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The Rocky Mountain Collegian

The Student News Site of Colorado State University

The Rocky Mountain Collegian

The Student News Site of Colorado State University

The Rocky Mountain Collegian

Stella: Let’s take a look back at the Joyce McConnell years

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Collegian | Dylan Tusinski

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Michael Stella, Collegian Columnist

Editor’s Note: All opinion section content reflects the views of the individual author only and does not represent a stance taken by The Collegian or its editorial board.

Joyce McConnell’s tenure as president of Colorado State University was historic from the moment she was hired. McConnell was the first woman hired as president in the university’s 152-year-long history.

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Although McConnell’s time at CSU was short — she only served from 2019-22 — she oversaw one of the most tumultuous eras in Colorado State history. Within a year of becoming president, McConnell had to lead the university through the COVID-19 pandemic. 

While three years is a considerably short amount of time to enact sustainable change, McConnell was able to manage that, and with her departure on June 30, she left CSU arguably better than she found it. 

McConnell has an impressive educational background that started at The Evergreen State College, where she received her undergraduate degree in 1979. She then went on to graduate from Antioch School of Law in 1982. 

After a short time with the National Labor Relations Board, McConnell became a graduate teaching fellow at Georgetown University and earned a Master of Laws. McConnell taught at the City University of New York School of Law, the University of Maryland Francis King Carey School of Law and West Virginia University, where she later served as associate dean for academic affairs for a number of years. 

At WVU, McConnell sparked change and innovation in a similar way that she did at CSU. She created the WVU IDEA Hub, expanded the WVU Energy Institute and added WVU’s LGBTQ+ Center, according to her LinkedIn and curriculum vitae. 

To add to her already impressive resume, McConnell was named the 15th president of Colorado State University in 2019

McConnell’s leadership during the COVID-19 pandemic saw CSU emerge as a leader in researching and combatting the virus. At a time when most universities struggled to keep classes open and prevent the spread, CSU was forging on. 

“I think she did an extremely good job during the COVID-19 virus making sure that we got the most out of our education and schooling here,” said Brodie Sparrow, a junior at CSU. “She kept a balance of being able to have fun while keeping the students and faculty of this institution safe.”

McConnell ended her time at CSU with the Courageous Strategic Transformation, a plan that guides CSU as an institution through 2026, Colorado’s 150-year statehood anniversary. It is a shame McConnell will no longer be around to implement the CST.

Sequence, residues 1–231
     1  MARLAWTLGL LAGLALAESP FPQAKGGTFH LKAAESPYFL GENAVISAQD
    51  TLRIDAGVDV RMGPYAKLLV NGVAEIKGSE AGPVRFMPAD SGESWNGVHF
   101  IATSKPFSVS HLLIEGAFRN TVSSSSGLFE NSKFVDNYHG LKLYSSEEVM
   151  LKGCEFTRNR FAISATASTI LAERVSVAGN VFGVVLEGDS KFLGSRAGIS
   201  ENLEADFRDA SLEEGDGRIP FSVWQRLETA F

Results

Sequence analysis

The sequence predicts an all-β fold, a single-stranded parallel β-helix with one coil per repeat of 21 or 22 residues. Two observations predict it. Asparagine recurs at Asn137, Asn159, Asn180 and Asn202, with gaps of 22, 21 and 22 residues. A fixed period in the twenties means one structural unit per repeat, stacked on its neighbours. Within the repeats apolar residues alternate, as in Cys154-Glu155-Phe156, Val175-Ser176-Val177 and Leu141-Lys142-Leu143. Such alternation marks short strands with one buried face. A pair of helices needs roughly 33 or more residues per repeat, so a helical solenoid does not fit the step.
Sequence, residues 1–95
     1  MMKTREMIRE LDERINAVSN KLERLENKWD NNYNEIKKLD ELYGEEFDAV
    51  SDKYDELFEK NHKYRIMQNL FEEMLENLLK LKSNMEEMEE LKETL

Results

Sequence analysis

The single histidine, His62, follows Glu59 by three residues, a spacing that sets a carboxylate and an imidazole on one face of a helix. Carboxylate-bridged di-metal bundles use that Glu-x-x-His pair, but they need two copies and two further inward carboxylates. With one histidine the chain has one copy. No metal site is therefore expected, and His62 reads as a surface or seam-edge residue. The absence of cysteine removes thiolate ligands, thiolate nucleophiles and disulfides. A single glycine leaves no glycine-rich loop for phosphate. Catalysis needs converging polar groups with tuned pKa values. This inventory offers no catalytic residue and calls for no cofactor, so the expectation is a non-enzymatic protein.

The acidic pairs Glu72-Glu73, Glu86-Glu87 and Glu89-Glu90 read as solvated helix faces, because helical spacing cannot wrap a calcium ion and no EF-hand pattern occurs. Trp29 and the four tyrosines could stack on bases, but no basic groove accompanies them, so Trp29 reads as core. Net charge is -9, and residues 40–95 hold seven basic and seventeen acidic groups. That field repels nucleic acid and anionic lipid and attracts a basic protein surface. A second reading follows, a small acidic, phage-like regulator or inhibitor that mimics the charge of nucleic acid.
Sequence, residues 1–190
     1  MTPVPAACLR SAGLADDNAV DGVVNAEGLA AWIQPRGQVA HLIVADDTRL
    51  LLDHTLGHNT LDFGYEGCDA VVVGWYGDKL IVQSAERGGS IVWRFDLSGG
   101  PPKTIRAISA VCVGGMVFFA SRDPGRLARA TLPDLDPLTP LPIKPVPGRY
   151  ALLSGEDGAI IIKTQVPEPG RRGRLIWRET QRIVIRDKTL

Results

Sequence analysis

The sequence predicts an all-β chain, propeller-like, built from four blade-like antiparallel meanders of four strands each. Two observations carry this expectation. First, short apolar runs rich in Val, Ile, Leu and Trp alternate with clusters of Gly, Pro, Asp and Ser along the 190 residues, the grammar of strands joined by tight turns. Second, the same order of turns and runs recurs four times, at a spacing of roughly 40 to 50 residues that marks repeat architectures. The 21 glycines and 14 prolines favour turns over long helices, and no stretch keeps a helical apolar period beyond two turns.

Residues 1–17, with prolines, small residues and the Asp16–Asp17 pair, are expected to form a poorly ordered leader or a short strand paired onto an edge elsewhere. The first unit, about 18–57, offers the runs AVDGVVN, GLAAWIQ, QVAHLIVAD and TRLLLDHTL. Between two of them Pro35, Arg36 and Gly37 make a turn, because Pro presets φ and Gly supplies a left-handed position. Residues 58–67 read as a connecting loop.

“McConnell set a high bar as the president of Colorado State. There is a lot of pressure to pick the right candidate to fill her position. How does a university pick a new president after their last hire was a historic one?”

While McConnell was a stalwart leader at CSU, there were definitely blemishes during her tenure that cannot be ignored. 

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Within the first year of McConnell being hired as president, four CSU students were involved in a blackface incident, and a number of antisemitic incidents were reported. McConnell and other CSU leadership faced backlash from not only the student population but the Colorado community as a whole. Reports of bias were up significantly in fall 2019. 

McConnell and CSU leadership said they could not punish the students in most of these cases because their actions were protected by the First Amendment.

McConnell certainly should have responded with firm action that would’ve sent a message to students of color that the university was there to protect them, but unfortunately, she did not. 

The position of university president is a largely ceremonial role. The president has very little direct power over academics. University presidents provide long-term visions and goals for their respective universities. Most importantly, university presidents are representatives of the university.

Joyce McConnell was an excellent representative of CSU, and it is disappointing the CSU System Board of Governors, in mutual agreement with McConnell, decided her time at CSU would come to an end. 

McConnell’s departure was unexpected, and it is not fair to the university community to not know why she departed. The start of the academic year is one of the most important times of the year for our university, and while Rick Miranda is doing a fine job as interim president, not having a true leader is to the detriment of the university and the Fort Collins community. 

As the search for CSU’s next president gets underway, the university is taking the right steps in asking the community to provide input on what qualities they want the next president to have. 

McConnell set a high bar as the president of Colorado State. There is a lot of pressure to pick the right candidate to fill her position. How does a university pick a new president after their last hire was a historic one? 

Reach Michael Stella at letters@collegian.com or on Twitter @Michaelstella_.

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